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Music industry torn on evolving business models

Music fans face a tough choice, Quincy Jones III said at the recent Digital Media Summit in Hollywood, Calif., either continue putting money into the “evil, corporate middle man” that are the record labels or get your music fix by some other means.
Jones, who’s spent his entire life in the music business and most recently founded QD3 Entertainment, says if consumers had the perception that more of their money was going to the artist, they would support it, but until then the decline in music sales will only get steeper.
New business models are still emerging in the face of music sharing, but how can companies compete with a growing number of consumers refusing to pay for the music they enjoy? Jones said new opportunities ultimately lie in fostering people’s relationships with the artist-enable that “intimacy” that artists and consumers want to share with each other. Give artists more control over their creativity, marketing and distribution, he said.
“What we’re trying to do is strike a balance,” said Christopher Amenita, senior vice president of ASCAP Enterprises Group. “For any up and coming artist . there’s a balance that comes with it.”
ASCAP and others are trying to balance the need for creators to get exposure for their content while making sure their popularity is reflected in their bank accounts. While many artists make much of their income on touring and merchandise, there are just as many artists who don’t perform live who rely entirely on royalties for their livelihood, he said.
“Most of the business models up on the net . are not making a lot of money,” Amenita said. “The business models are finally becoming ready.”
Despite the corporate culture that record labels live in, their online counterparts are an even worse source of revenue for ASCAP’s members, Amenita said. “The labels are more reasonable because they put some money in artist’s hands,” he added, implying that artists are routinely offered no share in the profits online music companies gain from their creative expression. The online companies who are re-packaging and re-distributing the content should be held responsible, he said.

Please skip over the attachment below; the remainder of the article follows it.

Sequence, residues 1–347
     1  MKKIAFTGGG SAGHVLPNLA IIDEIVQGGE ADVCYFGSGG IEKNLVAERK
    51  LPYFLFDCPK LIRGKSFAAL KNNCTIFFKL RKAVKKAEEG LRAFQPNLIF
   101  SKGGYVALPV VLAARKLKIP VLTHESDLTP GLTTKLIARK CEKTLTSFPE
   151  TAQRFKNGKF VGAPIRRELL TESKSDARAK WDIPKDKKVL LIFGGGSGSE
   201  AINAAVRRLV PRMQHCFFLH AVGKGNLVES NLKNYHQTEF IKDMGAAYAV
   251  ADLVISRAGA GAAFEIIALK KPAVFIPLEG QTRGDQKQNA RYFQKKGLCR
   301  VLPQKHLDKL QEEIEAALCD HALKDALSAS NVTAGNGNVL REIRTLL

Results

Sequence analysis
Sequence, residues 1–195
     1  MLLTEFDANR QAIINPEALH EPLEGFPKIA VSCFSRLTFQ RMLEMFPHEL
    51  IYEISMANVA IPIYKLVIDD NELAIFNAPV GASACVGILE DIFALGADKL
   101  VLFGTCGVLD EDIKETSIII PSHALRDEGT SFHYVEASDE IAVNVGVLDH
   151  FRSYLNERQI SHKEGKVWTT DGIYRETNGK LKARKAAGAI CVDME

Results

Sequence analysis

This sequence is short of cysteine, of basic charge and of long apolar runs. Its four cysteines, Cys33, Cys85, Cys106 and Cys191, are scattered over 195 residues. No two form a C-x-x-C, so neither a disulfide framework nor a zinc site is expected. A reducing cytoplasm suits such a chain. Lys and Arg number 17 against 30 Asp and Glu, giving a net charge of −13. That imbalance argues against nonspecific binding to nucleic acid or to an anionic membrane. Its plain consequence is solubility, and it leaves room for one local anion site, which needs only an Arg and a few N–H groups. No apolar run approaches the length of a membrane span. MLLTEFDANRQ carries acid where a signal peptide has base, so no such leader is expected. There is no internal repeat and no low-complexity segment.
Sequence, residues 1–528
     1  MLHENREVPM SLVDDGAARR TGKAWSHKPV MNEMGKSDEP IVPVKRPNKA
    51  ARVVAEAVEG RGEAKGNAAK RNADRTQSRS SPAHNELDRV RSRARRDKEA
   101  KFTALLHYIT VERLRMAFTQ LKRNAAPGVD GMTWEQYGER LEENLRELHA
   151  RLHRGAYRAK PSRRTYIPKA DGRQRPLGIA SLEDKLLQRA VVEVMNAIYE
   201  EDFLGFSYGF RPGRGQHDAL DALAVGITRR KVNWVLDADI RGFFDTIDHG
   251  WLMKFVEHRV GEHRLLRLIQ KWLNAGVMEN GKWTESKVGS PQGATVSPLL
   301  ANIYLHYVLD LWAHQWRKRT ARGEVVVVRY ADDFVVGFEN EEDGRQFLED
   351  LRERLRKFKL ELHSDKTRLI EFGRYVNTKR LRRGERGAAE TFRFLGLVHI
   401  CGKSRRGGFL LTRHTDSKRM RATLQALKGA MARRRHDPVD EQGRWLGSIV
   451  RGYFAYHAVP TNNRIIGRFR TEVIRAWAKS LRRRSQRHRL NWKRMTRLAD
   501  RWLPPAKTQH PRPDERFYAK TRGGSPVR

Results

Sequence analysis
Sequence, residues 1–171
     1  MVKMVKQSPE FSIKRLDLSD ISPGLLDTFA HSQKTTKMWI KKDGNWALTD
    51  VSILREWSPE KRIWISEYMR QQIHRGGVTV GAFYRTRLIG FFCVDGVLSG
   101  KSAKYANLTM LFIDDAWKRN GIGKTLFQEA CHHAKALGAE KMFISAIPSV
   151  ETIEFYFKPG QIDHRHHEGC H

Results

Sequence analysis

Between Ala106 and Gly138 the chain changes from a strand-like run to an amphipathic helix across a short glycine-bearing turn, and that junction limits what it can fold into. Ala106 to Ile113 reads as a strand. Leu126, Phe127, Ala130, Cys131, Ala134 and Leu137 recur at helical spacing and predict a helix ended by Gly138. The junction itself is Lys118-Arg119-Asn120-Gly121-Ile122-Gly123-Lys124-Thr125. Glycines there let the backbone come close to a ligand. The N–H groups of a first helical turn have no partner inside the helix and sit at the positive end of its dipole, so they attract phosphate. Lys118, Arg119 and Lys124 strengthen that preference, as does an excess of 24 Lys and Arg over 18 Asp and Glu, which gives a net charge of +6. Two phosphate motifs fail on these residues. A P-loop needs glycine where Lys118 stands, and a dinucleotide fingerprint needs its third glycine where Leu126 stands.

“You need some rules in place in order for commerce to flow,” Amenita said. “What you’re seeing really is a transition of this entire business-how it’s created, how it’s distributed.”

New school, old school differences
Nobody disagrees with that, but there’s a growing divide over how it should be addressed. At times, some in the audience rose up to offer their reactionary commentary for the room, while others grew noticeably angry amid the banter of new school and old school methods.
“These new media platforms are like the wild west,” Lakeshore Entertainment executive Brian McNelis said. “I think the struggle is how do you compete with free?” He concurred that the greatest benefit his company has seen from all of this is widespread cross-promotion that’s helped drive consumers interest in the full product, but that it doesn’t provide much beyond that. The quality of music certainly hasn’t improved since the decline in music sales began, he noted.
“I don’t think we’re looking for the next Led Zeppelin as a result of MySpace,” McNelis said. “More canvases and more paints don’t make more Picasos.”

One in 10
He doesn’t agree with the notion that record labels operate as robber barons.
“Record labels have been demonized for a long time,” he said. “The business is a one in ten model, so you’ve got one winner for every nine losers.”
Still, Streamcast Networks CEO Michael Weiss said it’s the music industry titans who should be coming up with solutions, not lawsuits.
“Rather than trying to change consumers’ behavior, because that really is an uphill battle, you need to monetize consumer’s behavior,” he said. “It has given a lot of exposure to a lot of artists.” Peer-to-peer could be a huge boon for the industry if it learned how to embrace, he said.
“The Internet was built to resist control and that’s the problem,” Weiss said. “Unfortunately change never comes from within.”
Yet the elephants in the room were the mobile devices sitting in each of the attendees’ pockets or purses. Shawn Ambwani, executive at Intertrust, pointed out while Apple Inc. has sold 100 million iPods, cellphone sales reached 1 billion units last year alone.
“There’s no comparison,” he said.

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